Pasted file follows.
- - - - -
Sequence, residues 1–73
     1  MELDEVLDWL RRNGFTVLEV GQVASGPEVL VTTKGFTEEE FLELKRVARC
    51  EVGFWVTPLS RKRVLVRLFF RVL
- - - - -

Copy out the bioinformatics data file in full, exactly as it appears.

Sequence, residues 1–73
     1  MELDEVLDWL RRNGFTVLEV GQVASGPEVL VTTKGFTEEE FLELKRVARC
    51  EVGFWVTPLS RKRVLVRLFF RVL